The physical design and layout of the module according to the present invention greatly enhances its inherent cooling capability. As seen in FIGS. 4A, 4B and 4C, the air flow paths are illustrated. The module 10 is depicted therein and in FIG. 4A, there is shown in phantom, the chokes 24, 26, the power device 20, the heat sink 22, and the circuit breakers 16, 18. FIG. 4C in particular, illustrates the upper portion 12 of the housing with the forwardly extending hood or extension 28 which is open on its underside and communicates with large apertures opening into the interior of the module in which the power device, heat sink and chokes are located. The extension 28 serves as a handle, a hood and a channel for the induction of air as shown by arrows 113. Air flow velocities at the rate of approximately 300-500 feet per minute are produced by this design and such high air flow into the module through front apertures 34 and out through rear apertures 32 substantially enhance the cooling capability of the present unit.
Finally, additional details of the control signal elongated contact leads 48, the power unit 20 and heat sink 22 are shown in FIG. 5. As shown therein, the control signal pads 108, 110 and 112 on the printed circuit board 60 are contacted by rolled ends 63 on the signal contact leads 48. As shown therein, the contacts make a pressure electrical contact with the pads 108, 110, 112 without the necessity of conventional wiring. The opposite ends 45 of signal contact leads 48 bear against a similar set of contacts on a control signal distribution card or bus 118 which is incorporated into the rack in which the dimmer modules are physically mounted.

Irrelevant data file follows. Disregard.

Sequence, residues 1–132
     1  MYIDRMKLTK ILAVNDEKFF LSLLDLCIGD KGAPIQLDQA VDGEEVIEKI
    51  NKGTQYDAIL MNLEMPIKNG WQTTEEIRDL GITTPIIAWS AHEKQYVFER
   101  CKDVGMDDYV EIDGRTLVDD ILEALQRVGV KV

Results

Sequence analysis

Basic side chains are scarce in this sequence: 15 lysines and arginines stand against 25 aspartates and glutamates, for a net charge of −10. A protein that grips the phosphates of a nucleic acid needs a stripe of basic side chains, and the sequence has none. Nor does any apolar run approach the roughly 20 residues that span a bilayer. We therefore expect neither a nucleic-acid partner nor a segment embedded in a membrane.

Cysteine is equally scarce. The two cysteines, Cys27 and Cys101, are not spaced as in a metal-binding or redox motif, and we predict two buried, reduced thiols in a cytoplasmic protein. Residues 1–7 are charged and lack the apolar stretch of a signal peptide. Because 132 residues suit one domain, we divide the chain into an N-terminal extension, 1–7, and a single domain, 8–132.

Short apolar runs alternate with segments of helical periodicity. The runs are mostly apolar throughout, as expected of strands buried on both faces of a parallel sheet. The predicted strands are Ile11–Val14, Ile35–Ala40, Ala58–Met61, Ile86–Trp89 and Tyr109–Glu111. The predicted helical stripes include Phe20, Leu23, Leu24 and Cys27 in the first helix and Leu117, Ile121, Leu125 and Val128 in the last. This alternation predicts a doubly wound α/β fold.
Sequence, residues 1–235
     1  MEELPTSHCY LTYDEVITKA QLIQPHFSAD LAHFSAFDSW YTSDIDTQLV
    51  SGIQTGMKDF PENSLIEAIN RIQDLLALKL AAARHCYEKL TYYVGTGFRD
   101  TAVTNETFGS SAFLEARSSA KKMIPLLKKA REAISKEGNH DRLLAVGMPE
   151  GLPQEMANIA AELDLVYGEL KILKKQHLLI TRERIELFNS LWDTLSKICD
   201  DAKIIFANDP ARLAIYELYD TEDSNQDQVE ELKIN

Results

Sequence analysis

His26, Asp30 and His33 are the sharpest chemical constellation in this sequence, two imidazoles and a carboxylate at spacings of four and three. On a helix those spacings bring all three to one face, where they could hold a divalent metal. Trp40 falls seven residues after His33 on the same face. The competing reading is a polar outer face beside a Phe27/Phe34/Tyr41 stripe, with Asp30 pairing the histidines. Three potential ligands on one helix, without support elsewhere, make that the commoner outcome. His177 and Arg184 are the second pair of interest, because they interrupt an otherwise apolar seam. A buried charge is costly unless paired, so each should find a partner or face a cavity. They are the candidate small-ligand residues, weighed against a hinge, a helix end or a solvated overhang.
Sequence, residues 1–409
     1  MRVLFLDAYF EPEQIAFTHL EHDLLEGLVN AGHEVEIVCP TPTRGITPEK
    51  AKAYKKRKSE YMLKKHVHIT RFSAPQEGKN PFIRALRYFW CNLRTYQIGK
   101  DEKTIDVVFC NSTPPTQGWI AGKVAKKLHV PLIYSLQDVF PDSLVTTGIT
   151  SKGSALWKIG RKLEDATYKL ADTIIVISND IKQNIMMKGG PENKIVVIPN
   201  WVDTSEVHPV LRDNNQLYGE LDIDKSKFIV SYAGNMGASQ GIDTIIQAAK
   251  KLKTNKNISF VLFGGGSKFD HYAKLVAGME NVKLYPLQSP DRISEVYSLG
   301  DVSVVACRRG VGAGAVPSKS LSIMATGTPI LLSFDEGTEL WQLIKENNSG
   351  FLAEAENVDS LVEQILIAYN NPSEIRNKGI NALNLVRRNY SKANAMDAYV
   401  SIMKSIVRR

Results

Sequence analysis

When the power device is fully assembled it is encapsulated in potting material 120 for insulation and protection of the dimmer circuit components. The potting material extends from the end of PC substrate 60 opposite contact pads 108, 110, 112 to a point just beyond opto-isolators 64, 66 as can also be seen in FIG. 3A so as to leave pads 108, 110, 112 exposed to make electrical interconnection with contacts 48. The lead frame elements 81, 83 which plug into and establish contact with circuit breakers are shown in FIG. 5 extending upwardly and out of the potting material. Likewise, lead frame elements 79, 85, the output leads from each of the pairs of anti-parallel SCR's are also shown extending out of the potting material with formed ends to engage press-fit connectors 50, 52.
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|Clasificación de EE.UU.||315/291, 315/DIG.4|
|Clasificación internacional||H05B39/08, H05B41/00, H05B39/00, H05B37/02|
|Clasificación cooperativa||Y10S315/04, H05B39/08, H05B41/00, H05B39/00|
|Clasificación europea||H05B39/00, H05B39/08, H05B41/00|
|9 Feb 1989||AS||Assignment|
Owner name: LEE COLORTRAN, INC., CALIFORNIA
Free format text: ASSIGNMENT OF ASSIGNORS INTEREST.;ASSIGNORS:CUNNINGHAM, DAVID W.;ESAKOFF, GREGORY F.;REEL/FRAME:005025/0658
Effective date: 19890209
|14 Ene 1991||AS||Assignment|
Owner name: COLORTRAN, INC.
Free format text: CHANGE OF NAME;ASSIGNOR:LEE COLORTRAN, INC., A CORP. OF DELAWARE;REEL/FRAME:005566/0405
Effective date: 19900930
|28 Abr 1992||CC||Certificate of correction|
|20 May 1994||FPAY||Fee payment|
Year of fee payment: 4
|3 Jun 1996||AS||Assignment|
Owner name: NSI CORPORATION, AN OREGON CORPORATION, OREGON
Free format text: ASSIGNMENT OF ASSIGNORS INTEREST;ASSIGNOR:COLORTRAN, INC. (FKA BERKEY COLORTRAN, INC.) A CORP. OF DE;REEL/FRAME:007986/0129
Effective date: 19960529
|11 May 1998||FPAY||Fee payment|
Year of fee payment: 8
|15 Feb 2001||AS||Assignment|
|16 May 2002||FPAY||Fee payment|
Year of fee payment: 12